Frankly, all discoveries that are unique and peer-reviewed. We would like to work with all researchers who have world-class expertise to share. Traditionally, Brazil has produced valuable research in the areas of life sciences, agriculture, and mining. However, the country is rapidly building a reputation in other areas of science, which is why Brazilian journals in mathematics, physics and computer science, for example, are finding a growing audience in the rest of the world as well.

How has Open Access been received by Brazilian scientists / authors? Do they see it as an opportunity or a threat?

Brazilian scientists are used to free access, because most of their journals managed by local societies receive government funding for posting articles on a public repository. However, they now recognize that this does nothing for them in terms of an active global outreach, journal development, generating income for the society, marketing, or paying for innovation.

In fact, looking at what has happened in Brazil so far tells you what sort of value we add. Springer and BioMed Central bring valuable experience with publishing business models to the table and we see that the strongest journals are interested to work with Springer / BMC on the implementation of an Open Access model or a traditional subscription model. The fact that they are now seeking a business model is our big opportunity and it is interesting to see that there is no strong preference for either model.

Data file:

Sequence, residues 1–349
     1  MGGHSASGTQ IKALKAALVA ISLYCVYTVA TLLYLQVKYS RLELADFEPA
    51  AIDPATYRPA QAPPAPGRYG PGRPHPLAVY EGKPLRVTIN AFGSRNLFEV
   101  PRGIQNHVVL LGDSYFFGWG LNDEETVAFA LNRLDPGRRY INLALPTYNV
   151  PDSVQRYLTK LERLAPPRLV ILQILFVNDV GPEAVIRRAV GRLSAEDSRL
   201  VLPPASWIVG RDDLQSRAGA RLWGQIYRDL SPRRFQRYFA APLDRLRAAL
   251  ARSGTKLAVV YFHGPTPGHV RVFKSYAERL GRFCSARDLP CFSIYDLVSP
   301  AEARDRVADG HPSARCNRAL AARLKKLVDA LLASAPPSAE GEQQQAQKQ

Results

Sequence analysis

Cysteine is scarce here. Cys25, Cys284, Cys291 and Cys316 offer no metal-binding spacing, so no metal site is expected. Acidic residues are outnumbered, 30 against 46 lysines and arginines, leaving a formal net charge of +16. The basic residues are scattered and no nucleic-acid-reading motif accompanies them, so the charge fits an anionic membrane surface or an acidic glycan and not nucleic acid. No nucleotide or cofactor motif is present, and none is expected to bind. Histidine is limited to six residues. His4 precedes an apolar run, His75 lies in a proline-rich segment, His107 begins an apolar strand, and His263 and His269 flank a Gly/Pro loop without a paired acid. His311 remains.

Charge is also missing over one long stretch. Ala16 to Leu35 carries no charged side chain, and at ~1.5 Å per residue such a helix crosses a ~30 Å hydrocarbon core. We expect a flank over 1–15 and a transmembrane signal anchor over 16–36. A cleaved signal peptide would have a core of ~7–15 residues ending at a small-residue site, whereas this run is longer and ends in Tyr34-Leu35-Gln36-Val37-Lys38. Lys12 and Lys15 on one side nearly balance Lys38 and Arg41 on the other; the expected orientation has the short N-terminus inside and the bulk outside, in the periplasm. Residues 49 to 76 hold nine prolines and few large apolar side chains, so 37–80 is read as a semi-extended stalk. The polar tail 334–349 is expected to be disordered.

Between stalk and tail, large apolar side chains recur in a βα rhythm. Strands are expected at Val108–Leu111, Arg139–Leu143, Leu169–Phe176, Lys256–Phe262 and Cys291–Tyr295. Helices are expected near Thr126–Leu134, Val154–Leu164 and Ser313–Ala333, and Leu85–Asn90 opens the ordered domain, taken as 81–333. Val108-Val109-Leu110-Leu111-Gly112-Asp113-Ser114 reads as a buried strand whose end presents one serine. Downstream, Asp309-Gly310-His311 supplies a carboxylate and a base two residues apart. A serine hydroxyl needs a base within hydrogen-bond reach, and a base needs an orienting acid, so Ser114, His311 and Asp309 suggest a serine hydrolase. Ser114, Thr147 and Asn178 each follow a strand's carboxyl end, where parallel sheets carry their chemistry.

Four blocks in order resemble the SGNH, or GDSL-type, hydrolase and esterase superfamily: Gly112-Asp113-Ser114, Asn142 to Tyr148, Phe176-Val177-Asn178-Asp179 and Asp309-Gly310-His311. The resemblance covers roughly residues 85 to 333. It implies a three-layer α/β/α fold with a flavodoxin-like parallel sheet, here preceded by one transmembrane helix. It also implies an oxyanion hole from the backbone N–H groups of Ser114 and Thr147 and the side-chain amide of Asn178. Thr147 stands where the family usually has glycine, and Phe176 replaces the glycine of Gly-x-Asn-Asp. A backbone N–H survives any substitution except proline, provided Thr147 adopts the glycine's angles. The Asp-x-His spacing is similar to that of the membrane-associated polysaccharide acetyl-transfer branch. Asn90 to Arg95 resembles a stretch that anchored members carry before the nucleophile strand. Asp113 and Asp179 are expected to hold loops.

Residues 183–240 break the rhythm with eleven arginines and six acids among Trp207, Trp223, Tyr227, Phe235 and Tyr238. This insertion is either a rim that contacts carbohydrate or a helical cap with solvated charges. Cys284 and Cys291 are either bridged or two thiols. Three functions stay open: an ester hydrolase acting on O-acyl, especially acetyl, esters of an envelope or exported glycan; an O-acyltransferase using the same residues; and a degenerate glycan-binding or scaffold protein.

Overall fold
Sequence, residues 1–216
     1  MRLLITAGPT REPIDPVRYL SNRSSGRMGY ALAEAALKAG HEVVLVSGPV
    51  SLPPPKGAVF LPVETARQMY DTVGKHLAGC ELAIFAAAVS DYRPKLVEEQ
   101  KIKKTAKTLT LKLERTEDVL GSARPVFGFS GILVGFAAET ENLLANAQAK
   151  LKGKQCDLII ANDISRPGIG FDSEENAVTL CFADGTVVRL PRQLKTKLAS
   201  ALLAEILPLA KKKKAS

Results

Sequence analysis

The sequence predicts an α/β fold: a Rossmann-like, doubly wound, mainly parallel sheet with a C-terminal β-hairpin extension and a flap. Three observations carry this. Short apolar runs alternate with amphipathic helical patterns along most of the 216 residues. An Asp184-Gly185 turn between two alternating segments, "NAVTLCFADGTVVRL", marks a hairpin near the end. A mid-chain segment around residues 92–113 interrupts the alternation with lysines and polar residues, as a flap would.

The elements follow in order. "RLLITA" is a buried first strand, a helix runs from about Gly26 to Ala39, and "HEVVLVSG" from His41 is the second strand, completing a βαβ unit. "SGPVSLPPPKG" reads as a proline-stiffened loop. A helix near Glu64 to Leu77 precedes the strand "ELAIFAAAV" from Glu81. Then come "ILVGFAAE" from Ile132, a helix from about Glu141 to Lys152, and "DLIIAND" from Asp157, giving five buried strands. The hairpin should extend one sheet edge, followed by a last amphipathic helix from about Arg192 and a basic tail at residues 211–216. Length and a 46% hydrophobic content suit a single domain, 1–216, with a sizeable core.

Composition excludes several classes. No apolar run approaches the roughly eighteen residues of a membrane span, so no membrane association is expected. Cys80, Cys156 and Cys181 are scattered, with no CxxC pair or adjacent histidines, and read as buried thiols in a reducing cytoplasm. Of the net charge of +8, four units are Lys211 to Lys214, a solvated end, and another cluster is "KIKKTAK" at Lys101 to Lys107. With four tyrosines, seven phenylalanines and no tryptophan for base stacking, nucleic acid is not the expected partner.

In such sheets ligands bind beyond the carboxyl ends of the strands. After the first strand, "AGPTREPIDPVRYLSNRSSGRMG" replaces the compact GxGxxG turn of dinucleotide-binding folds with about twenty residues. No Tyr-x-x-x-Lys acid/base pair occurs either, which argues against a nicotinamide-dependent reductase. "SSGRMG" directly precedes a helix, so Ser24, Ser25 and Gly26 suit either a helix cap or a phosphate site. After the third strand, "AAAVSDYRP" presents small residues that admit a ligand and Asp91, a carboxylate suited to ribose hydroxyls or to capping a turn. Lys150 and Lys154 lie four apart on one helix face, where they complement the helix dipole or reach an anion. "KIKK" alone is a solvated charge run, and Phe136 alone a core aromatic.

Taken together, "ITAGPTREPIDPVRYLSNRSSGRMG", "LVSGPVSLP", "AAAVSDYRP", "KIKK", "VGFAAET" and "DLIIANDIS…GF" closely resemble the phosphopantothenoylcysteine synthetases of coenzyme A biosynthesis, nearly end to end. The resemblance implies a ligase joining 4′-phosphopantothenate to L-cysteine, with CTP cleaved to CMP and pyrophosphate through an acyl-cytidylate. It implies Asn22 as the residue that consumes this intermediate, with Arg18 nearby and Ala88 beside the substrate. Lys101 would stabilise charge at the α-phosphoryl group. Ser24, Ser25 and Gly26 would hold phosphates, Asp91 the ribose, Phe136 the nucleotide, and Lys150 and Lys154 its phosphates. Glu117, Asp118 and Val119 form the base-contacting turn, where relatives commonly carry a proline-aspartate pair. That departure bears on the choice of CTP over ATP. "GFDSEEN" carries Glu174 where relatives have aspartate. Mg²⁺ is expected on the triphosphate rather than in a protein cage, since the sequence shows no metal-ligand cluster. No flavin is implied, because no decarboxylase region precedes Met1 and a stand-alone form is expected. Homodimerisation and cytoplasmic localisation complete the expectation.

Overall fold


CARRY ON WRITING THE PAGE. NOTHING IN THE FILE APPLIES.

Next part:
It was recently announced that Springer and the Brazilian Physical Society will work together to publish Brazilian Journal of Physics. How did this collaboration come about?

The Springer editors in physics have had good contacts with the Brazilian physicists for many years and both sides steadily grew towards each other. When Springer opened an office in Brazil, it was the final step to convince the Brazilian physicists that we are serious about collaborating on the successful development of their journal.

What other Brazilian society and partner collaborations can authors expect to see in the near future?

Less than half a year after opening our office, we have submitted collaborative proposals for more than 10 journals by leveraging the internal global editorial know-how of both Springer and BioMed Central. Of course, negotiations and subsequent fine-tuning take time, but I am very confident you are going to see more press releases within the coming months.

In addition, we have very solid plans to co-publish book titles first published in Portuguese by local university presses and now translated into English for global dissemination.

Could you tell us more about Springer’s plans in Brazil and other Latin American countries?

We welcome collaborations with Brazilian learned societies, research institutes and companies with R & D departments. We anticipate that we will need more local staff to provide the best service to our customers, so you may count on the growth of our office in São Paulo.

Brazil is clearly the leader in scientific research in South America, with the most resources for research. But talent springs up everywhere, so we do not want to forget about Brazil's neighboring countries. We expect our new office in São Paulo to become a hub for the other scientific communities on the continent as well!

Thank you very much for this interview!